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Posts Tagged ‘Sports’

NY Radio Owes Derek Jeter

Derek Jeter’s final days as a Yankee boosted Sports Talk Ratings in New York. There’s not conclusive evidence in the article linked that it was entirely a Jeter phenomenon, but media aren’t allowed to post daily ratings and I suspect you can track the listening patterns directly to his farewell tour. Sure, no doubt NFL is helping these stations too.

But, taking the idea that Jeter’s final days drove ratings increases at face value; what are the lessons for radio here? That was the first question issued in Tuesday night’s sports radio twitter chat (#srchat). Refreshingly, there are many.

Play the hits. That was my first reaction along with @TimFisherOnAir. But there’s more to this than that.

 

Connecting with your community is paramount to success. Radio hosts must capture the passion, imagination, and conversation of the listeners and reflect it back to them. The “hit” is knowing WHAT to talk about, knowing HOW to talk about — the context — is what makes it resonate and stick with your listeners.

 

I agree with @bksportstalk that stories are powerful tools to drive listening especially when a community has a common or shared experience. Few hosts are telling great, compelling stories instead they just skip from fact to fact to fact leaving out the emotion, the details, and the arc of the story which are the most compelling parts.

 

@ChaddScott makes a great point here. Personalities drive ratings. Find the WHO in your stories and start from there. I used to work with a host who insisted all stories be pitched to him with this opening line, “There is this guy/gal who…” Stories about people are more engaging than stories about things. Stories about famous people provide a quick hook.

I’ll also add that the Derek Jeter story is one of legacy, celebration and at the very core; heroes and villains. Everybody enjoys a story about a hero or a villain. And Jeter filled both roles for New York baseball fans.

 

Are You Ready For The NFL?

The NFL deal is almost done (It’s 7:58a PT). Sundays this fall won’t be wasted on chores and church socials — and the fantasy football smack talk will continue per usual. Are you ready? Is your station ready? Are the promos locked and loaded? Is the website ready to go? Did you proactively plan for this moment — or are you scrambling in reactive mode today? If you aren’t ready for this — which we all knew was coming – what else aren’t you ready for?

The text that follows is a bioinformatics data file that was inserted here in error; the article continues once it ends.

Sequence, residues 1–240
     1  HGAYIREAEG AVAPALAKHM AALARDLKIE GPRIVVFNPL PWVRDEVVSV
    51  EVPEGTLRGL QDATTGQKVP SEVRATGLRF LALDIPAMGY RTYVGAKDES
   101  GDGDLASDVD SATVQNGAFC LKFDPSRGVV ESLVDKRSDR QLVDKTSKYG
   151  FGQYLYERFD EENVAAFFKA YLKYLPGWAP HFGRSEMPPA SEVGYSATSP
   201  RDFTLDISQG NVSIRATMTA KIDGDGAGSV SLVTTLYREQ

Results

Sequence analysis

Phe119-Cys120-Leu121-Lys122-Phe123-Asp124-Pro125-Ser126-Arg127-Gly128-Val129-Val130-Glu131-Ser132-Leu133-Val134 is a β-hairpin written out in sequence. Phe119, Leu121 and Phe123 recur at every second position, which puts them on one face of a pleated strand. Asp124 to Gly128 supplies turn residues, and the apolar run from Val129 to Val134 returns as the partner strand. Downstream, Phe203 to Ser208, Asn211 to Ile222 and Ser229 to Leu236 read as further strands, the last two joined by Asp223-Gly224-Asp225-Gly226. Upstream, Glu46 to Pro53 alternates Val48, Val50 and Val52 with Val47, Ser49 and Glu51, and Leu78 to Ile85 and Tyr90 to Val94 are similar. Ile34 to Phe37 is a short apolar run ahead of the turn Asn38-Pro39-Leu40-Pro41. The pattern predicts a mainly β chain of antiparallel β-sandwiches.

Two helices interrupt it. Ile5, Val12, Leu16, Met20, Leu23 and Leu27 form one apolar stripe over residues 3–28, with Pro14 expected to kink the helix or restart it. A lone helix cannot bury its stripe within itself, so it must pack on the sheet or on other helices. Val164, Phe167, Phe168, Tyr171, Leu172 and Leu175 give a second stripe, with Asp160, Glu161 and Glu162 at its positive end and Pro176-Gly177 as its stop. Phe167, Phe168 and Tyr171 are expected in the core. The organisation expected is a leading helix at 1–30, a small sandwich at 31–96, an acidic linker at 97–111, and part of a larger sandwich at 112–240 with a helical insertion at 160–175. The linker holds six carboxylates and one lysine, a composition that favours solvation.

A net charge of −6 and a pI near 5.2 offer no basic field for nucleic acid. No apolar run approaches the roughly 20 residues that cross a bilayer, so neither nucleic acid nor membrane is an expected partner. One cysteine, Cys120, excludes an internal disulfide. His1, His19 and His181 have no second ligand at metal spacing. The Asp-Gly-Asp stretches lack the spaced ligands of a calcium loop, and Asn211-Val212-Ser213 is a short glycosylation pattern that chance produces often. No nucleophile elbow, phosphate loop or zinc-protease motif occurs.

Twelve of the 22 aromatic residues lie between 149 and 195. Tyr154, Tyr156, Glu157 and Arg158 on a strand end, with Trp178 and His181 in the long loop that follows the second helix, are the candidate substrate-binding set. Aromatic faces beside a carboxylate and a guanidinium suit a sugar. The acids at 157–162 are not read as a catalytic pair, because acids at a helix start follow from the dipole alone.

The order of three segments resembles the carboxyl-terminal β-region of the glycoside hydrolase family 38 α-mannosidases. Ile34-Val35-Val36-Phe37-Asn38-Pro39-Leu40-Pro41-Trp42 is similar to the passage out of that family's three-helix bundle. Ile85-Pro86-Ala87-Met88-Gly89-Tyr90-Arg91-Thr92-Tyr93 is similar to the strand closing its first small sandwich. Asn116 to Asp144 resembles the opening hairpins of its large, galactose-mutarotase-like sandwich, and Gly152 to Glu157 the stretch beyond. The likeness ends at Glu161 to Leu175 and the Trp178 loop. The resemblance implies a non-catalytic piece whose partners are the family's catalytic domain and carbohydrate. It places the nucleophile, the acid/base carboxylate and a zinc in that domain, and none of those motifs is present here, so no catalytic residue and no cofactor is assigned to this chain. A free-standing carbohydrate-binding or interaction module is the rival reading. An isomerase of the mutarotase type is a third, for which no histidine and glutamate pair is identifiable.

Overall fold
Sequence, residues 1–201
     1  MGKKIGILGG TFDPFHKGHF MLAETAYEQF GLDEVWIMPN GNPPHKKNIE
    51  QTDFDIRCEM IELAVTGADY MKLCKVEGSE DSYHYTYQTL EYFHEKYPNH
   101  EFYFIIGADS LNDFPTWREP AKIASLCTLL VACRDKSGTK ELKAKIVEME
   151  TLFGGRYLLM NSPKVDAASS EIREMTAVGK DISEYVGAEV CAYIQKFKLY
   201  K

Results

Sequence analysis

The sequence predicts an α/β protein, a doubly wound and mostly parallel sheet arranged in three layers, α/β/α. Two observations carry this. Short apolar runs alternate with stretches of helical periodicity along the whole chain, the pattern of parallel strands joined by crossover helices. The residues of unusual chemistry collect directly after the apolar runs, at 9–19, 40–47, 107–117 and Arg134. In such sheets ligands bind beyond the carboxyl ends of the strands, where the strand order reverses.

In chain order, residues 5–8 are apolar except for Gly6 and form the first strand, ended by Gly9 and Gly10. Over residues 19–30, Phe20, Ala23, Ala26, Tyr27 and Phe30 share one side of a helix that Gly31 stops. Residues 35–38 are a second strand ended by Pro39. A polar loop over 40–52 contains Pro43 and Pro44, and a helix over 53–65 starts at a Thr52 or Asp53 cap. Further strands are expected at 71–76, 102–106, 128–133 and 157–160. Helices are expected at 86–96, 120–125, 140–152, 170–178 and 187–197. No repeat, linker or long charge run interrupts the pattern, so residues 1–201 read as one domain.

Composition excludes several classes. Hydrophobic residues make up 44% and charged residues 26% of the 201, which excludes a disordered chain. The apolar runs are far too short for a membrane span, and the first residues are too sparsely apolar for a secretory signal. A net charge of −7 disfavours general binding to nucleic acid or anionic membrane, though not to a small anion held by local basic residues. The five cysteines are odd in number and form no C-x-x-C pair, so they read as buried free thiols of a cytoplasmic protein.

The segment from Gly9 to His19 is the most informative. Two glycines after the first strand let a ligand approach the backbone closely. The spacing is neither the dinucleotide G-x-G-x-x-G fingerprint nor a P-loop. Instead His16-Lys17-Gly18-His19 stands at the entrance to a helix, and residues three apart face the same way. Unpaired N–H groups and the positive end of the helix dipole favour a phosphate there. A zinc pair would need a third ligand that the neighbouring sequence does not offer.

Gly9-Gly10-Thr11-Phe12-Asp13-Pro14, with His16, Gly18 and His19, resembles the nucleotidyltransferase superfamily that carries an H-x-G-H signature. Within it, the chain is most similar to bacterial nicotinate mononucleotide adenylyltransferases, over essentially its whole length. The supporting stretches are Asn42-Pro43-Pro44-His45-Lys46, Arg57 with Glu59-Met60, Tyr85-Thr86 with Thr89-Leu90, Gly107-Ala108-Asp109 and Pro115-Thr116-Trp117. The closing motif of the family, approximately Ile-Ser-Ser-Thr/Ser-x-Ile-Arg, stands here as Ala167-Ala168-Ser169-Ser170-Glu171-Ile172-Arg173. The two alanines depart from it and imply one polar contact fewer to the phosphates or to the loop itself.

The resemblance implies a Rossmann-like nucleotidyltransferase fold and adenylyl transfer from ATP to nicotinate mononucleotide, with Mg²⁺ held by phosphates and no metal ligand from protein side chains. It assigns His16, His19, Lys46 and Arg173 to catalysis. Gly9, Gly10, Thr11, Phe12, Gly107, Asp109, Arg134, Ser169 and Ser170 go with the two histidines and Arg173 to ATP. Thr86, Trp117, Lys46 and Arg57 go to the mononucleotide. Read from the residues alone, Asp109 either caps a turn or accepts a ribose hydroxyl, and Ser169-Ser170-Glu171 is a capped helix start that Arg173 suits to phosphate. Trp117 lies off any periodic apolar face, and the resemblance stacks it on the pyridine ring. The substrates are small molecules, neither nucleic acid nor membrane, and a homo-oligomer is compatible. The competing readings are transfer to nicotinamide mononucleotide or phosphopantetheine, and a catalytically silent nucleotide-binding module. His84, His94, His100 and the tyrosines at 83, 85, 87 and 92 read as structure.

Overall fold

Here’s the latest NFL timeline.

The Really Super Big Game Sunday

Every station puts a different spin on Super Bowl coverage. Due to the NFL’s rules, we all find creative ways to tell listeners we are covering the Super Bowl, having a party, or holding a contest around it without actually saying “Super Bowl.”

In Atlanta, the Two Live Stews are throwing their annual “Stewper Bowl Party.” Around the country, there are a lot of variations of “The Big Game,” including Big Game Party, Big Game Sunday, and Big Game Break Down.

Some stations are hosting a “GameDay Super Party.” Others feature “Sights & Sounds from Dallas.” “SB45” and “DFW XVL 411” are clever too. 

If none of these work for you, this year may I suggest you just call it the “Super Brrr.”

A Super Week For Sports Talk To Cash In

If you don’t have a local sponsor or two or four for your Super Bowl coverage you missed an opportunity. There are a lot of ways to tie into “Super Week” or whatever you want to call it so you don’t get in trouble. Here are some that have been successful for me in the past…

1. Even if you aren’t sending a local show to radio row, own the “coverage” of the week with promos touting your team coverage. (ie. “690 The Fan is sending Mike & Mike and Colin Cowherd to North Texas for Super Week to get you ready for the Packers and Steelers, plus exclusive interviews and expert analysis with Smokey on Sports. It’s Super Week “team coverage” – brought to you locally by Gifford Tires on 690 The Fan.”) Notice, no mention that this station has the game, or that they are sending a local show. Just reselling what the network has already sold. Support this with sponsor  liners through the show and live mentions during your local show whenever they talk Super Bowl.

Here is a promo I produced for last year’s super bowl for 710 ESPN LA: KSPN 011609 30 Countdown to Kickoff_Colin.